|Número de publicación||US7329254 B2|
|Tipo de publicación||Concesión|
|Número de solicitud||US 10/911,395|
|Fecha de publicación||12 Feb 2008|
|Fecha de presentación||4 Ago 2004|
|Fecha de prioridad||19 Feb 1998|
|También publicado como||US8696661, US9204926, US20050228371, US20080103498, US20140200403, US20160074109|
|Número de publicación||10911395, 911395, US 7329254 B2, US 7329254B2, US-B2-7329254, US7329254 B2, US7329254B2|
|Inventores||Scott West, John W. Gaiser, Patrick Rimroth, Larry C. Heaton|
|Cesionario original||Curon Medical, Inc.|
|Exportar cita||BiBTeX, EndNote, RefMan|
|Citas de patentes (21), Citada por (49), Clasificaciones (30), Eventos legales (6)|
|Enlaces externos: USPTO, Cesión de USPTO, Espacenet|
This application is a continuation-in-part of U.S. patent application Ser. No. 10/674,242, filed Sep. 29, 2003, and entitled “Systems and Methods for Treating Dysfunctions in the Intestines and Rectum” (now U.S. Pat. No. 7,056,320), which is a divisional of U.S. patent application Ser. No. 09/556,169, filed Apr. 21, 2000 (now U.S. Pat. No. 6,645,201), which claims the benefit of U.S. Provisional Patent Application Ser. No. 60/143,749, filed Jul. 14, 1999, and entitled “Systems and Methods for Treating Dysfunctions in the Intestines and Rectum,” which are incorporated herein by reference, and which is also a continuation-in-part of U.S. patent application Ser. No. 09/026,296, filed Feb. 19, 1998 (now U.S. Pat. No. 6,009,877), and entitled “Method for Treating Sphincter,” which is also incorporated herein by reference.
In a general sense, the invention is directed to systems and methods for treating interior tissue regions of the body. More specifically, the invention is directed to systems and methods for treating dysfunction in the intestines and rectum.
The gastrointestinal tract, also called the alimentary canal, is a long tube through which food is taken into the body and digested. The alimentary canal begins at the mouth, and includes the pharynx, esophagus, stomach, small and large intestines, and rectum. In human beings, this passage is about 30 feet (9 meters) long.
Small, ring-like muscles, called sphincters, surround portions of the alimentary canal. In a healthy person, these muscles contract or tighten in a coordinated fashion during eating and the ensuing digestive process, to temporarily close off one region of the alimentary canal from another region of the alimentary canal.
In the rectum, two muscular rings, called the internal and external sphincter muscles, normally keep fecal material from leaving the anal canal. The external sphincter muscle is a voluntary muscle, and the internal sphincter muscle is an involuntary muscle. Together, by voluntary and involuntary action, these muscles normally contract to keep fecal material in the anal canal.
The rectum can stretch and hold fecal material for some time after a person becomes aware that the material is there. The holding action of these sphincter muscles is critical in maintaining fecal continence.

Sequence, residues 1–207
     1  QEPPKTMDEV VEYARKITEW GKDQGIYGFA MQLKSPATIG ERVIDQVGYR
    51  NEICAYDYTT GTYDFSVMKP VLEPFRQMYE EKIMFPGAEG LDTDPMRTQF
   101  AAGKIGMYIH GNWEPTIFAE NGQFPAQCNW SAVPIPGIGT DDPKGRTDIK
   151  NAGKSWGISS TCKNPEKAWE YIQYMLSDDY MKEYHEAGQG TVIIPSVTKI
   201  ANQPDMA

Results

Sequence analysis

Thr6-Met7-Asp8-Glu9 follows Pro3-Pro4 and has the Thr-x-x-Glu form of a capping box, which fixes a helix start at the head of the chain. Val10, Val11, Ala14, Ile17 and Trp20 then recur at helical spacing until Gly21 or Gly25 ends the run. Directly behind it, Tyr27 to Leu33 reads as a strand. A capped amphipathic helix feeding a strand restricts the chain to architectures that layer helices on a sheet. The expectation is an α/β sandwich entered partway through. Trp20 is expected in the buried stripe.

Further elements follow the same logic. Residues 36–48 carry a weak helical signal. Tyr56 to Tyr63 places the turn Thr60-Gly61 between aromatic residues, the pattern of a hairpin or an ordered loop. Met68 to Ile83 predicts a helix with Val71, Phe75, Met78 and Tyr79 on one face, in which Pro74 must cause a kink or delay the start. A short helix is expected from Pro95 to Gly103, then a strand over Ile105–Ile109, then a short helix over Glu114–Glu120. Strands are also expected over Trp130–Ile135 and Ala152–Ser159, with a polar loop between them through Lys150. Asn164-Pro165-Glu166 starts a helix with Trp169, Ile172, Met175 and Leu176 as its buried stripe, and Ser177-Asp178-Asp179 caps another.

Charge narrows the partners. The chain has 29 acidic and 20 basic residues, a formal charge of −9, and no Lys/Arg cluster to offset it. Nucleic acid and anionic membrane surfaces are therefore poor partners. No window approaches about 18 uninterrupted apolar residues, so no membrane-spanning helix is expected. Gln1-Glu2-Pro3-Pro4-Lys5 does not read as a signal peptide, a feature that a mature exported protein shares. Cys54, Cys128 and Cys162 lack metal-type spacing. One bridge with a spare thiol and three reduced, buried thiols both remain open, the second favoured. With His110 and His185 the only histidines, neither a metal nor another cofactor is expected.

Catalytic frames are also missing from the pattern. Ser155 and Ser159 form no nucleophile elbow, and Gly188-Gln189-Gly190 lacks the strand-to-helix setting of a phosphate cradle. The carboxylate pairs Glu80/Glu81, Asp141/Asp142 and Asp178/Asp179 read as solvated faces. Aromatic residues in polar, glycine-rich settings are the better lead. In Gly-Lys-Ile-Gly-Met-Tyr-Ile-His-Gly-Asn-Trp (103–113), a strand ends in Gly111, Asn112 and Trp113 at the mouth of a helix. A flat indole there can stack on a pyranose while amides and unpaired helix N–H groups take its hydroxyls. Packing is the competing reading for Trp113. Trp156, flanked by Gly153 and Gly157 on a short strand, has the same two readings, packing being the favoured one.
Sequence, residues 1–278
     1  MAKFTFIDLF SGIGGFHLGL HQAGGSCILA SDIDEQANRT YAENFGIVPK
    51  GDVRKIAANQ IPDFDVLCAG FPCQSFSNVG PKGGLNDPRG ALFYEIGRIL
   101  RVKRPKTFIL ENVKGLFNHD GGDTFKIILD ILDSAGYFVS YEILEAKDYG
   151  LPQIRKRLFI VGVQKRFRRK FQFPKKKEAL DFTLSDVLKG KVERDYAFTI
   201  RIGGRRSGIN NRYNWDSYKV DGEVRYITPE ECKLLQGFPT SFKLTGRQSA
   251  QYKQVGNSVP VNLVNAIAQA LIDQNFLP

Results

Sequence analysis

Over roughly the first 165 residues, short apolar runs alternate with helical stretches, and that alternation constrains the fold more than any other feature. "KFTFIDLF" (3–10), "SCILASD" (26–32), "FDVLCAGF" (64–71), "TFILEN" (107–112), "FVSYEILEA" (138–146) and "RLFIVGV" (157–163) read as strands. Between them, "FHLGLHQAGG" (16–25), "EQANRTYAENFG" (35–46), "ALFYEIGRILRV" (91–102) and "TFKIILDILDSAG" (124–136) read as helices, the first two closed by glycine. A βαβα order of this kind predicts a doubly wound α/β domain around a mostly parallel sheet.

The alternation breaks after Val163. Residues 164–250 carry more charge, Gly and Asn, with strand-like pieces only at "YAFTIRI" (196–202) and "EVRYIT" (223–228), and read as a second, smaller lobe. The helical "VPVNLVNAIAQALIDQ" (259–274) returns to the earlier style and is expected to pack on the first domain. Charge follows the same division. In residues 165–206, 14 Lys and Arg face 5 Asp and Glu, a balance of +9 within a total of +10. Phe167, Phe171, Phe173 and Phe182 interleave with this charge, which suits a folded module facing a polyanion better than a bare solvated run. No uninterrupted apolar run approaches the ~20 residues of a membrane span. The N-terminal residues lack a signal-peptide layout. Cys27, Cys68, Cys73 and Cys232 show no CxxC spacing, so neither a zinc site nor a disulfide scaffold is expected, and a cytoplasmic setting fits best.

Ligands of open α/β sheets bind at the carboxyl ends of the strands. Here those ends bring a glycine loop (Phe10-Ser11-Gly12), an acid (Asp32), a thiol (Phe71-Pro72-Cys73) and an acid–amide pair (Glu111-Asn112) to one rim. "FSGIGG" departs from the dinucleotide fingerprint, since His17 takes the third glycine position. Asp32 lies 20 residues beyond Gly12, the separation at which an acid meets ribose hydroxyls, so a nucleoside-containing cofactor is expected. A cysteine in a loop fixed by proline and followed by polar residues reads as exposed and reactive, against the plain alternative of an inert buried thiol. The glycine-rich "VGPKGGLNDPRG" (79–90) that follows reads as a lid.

Damage to the external or internal sphincter muscles can cause these sphincters to dysfunction or otherwise lose their tone, such that they can no longer sustain the essential fecal holding action. Fecal incontinence results, as fecal material can descend through the anal canal without warning, stimulating the sudden urge to defecate.
The recurring sensation of uncontrolled fecal urgency alone can produce significant, negative impact on lifestyle. The physical effects of fecal incontinence (i.e., the loss of normal control of the bowels and gas, liquid, and solid stool leakage from the rectum at unexpected times) can also cause embarrassment, shame, and a loss of confidence, and can further lead to mental depression.
Fecal incontinence affects as many as one million Americans. It is more common in women and in the elderly of both sexes. Many people with fecal incontinence are ashamed to talk about their problem with their doctor or family.
In women, damage to the external or internal sphincter muscle can occur during childbirth. It is especially likely to happen in a difficult delivery that uses forceps and/or an episiotomy. Muscle damage can also occur as a result of trauma, or during rectal surgery. It may also occur in people with inflammatory bowel disease or an abscess in the perirectal area.
Young people suffering damage to these sphincters in the rectum can often compensate for the muscle weakness to avoid incontinence. However, they typically develop incontinence in later life, as their muscles grow weaker and the supporting structures in the pelvis become loose.
There are non-surgical ways to treat fecal incontinence. For example, dietary bulking agents or other antimotility agents (like fats) can be used to change the texture of fecal material, to slow its descent through the rectum. Biofeedback therapy has met with success. Still, this therapy is time consuming and works to overcome dysfunction only of the voluntary external sphincter muscle. Biofeedback therapy is not effective in overcoming dysfunction of the involuntary internal sphincter muscle.
There are also various surgical options for treating fecal incontinence. These surgical options include, for example, Parks post-anal repair, encirclement (using Tiersch wire or gracilis muscle), overlapping sphincteroplasty and levatoroplasty, gluteus muscle transposition, colostomy, gracilis muscle stimulated neosphinter, and artificial bowel sphincters.